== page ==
Arkansas Historic Preservation Program
Saline County Courthouse
Saline County Courthouse



The largest number of architecturally significant public buildings in Arkansas are the courthouses scattered over the state’s 75 counties.  A structural symbol of American government, the county courthouse serves as the center of local political activity.  Often the largest and most costly building in the county, the courthouse is almost always a source of pride to the citizens who financed and make use of its facilities.

Saline County is centrally located, encompassing 748 square miles.  The northern part of the county is of rough terrain but the central and southern sections are well adapted to agriculture.

Saline County was created by an Act of the Arkansas Legislature on November 2, 1835.  The name was derived from numerous salt springs located in the county.

The first seat of county government was located about five miles west of Benton in a Baptist Church building.  When it was decided to choose a permanent county seat there was quite a disputation.  William Woodruff, editor of the Arkansas Gazette, offered 120 acres of land which included the present town of Benton with the provision that a courthouse square would be set aside; the remaining property divided into town lots and sold at auction; and that the money from the sale of the lots would be used in building a courthouse.  This offer was readily accepted and lots were auctioned off on June 15, 1836, netting $3,381.71.  The reversionary clause in the deed states that the courthouse square may never be sold without the approval of the majority of the property owners in Benton.  The old “Missouri Trail” ran through Benton and with mountains on the north and swampland on the south, this area was the only feasible route for pioneers from the east to the west, having been well traveled since 1815.  Benton seemed an ideal spot on which to establish the county seat.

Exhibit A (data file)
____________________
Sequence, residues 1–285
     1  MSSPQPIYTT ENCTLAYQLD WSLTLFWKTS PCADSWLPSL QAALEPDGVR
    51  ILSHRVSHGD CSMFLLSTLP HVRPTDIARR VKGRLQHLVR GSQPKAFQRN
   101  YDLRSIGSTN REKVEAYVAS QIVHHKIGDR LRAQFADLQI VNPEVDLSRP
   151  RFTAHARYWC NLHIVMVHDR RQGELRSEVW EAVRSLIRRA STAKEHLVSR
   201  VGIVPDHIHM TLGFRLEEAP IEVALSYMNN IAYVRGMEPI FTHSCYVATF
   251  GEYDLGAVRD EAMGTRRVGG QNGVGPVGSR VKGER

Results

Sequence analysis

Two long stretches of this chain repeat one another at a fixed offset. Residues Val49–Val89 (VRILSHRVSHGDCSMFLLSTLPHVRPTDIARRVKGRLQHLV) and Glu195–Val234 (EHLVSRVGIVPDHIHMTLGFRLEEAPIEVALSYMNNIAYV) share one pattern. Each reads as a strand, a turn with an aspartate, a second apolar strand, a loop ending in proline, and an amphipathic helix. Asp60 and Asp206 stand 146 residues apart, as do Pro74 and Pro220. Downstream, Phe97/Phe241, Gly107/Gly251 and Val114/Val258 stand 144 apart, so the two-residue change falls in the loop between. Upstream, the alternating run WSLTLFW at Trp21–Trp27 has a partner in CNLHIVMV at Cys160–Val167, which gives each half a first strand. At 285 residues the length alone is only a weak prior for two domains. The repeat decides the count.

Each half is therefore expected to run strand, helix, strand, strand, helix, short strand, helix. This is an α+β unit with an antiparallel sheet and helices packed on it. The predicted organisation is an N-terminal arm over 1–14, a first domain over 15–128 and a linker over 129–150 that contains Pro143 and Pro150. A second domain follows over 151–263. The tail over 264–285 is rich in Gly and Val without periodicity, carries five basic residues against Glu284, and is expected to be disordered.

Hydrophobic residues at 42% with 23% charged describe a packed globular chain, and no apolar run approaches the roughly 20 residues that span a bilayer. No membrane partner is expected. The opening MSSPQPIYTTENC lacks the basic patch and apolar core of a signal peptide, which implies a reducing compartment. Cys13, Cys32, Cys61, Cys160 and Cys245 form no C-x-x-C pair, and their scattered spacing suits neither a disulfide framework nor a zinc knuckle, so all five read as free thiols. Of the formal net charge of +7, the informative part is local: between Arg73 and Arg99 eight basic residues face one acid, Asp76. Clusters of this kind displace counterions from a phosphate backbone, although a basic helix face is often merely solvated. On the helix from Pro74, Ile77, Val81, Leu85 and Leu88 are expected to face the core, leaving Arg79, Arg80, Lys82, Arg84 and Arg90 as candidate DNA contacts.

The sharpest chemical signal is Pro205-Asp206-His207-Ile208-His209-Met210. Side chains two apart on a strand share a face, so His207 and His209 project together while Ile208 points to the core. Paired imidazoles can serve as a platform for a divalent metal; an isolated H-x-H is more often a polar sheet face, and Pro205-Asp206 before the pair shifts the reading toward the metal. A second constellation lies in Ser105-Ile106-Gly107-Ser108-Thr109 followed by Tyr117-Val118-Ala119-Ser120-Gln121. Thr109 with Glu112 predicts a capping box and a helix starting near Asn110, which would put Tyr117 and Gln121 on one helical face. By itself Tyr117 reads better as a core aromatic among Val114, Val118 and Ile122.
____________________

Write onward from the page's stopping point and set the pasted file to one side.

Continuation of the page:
Contract for a hand-made brick, two-story building, sixty feet square, was let to Jacob Hoover.  The courthouse was completed in 1838 at a cost of $3,574.  By 1855 this courthouse had become obsolete and inadequate.  A second courthouse was built on the site by Green B. Hughes.

By 1901 the second courthouse had been outgrown.  The quorum court on October 8, 1901, set aside $4,000 towards the construction of a new building.  John Odum secured the contract for a new courthouse at a cost of $31,000.  Prominent Little Rock architect Charles L. Thompson designed the structure.  Court was first held in the new courthouse in September, 1902.

The Saline County Courthouse is a two-story brick building with truncated hipped roof and a four-story tower with clock and belfry.  Also there is a tower in each of the other three corners of the main building.  The structure features rounded archways, recessed doorways, and denticulated cornices.  The Saline County Courthouse is one of the few buildings of Romanesque Revival style in Arkansas.

Architecturally, the Saline County Courthouse is a significant historical structure.  Resting on the courthouse square, the building is also significant as the political and governmental center of Saline County.


A Survey of Arkansas Courthouses.  Compiled by the National Society of Colonial Dames of America in the State of Arkansas.  Mrs. W. G. McDonald, Chairperson, Historical Activities Committee.  Arkansas Room, Little Rock Public Library.

Works Progress Administration Files.  Saline County.  On file at the Arkansas History Commission.

Hempstead, Fay.  Historical Review of Arkansas.  Chicago:  Lewis Publishing Co., 1911.

Herndon, Dallas.  Centennial History of Arkansas.  Little Rock:  S. J. Clarke Publishing Company, 1922.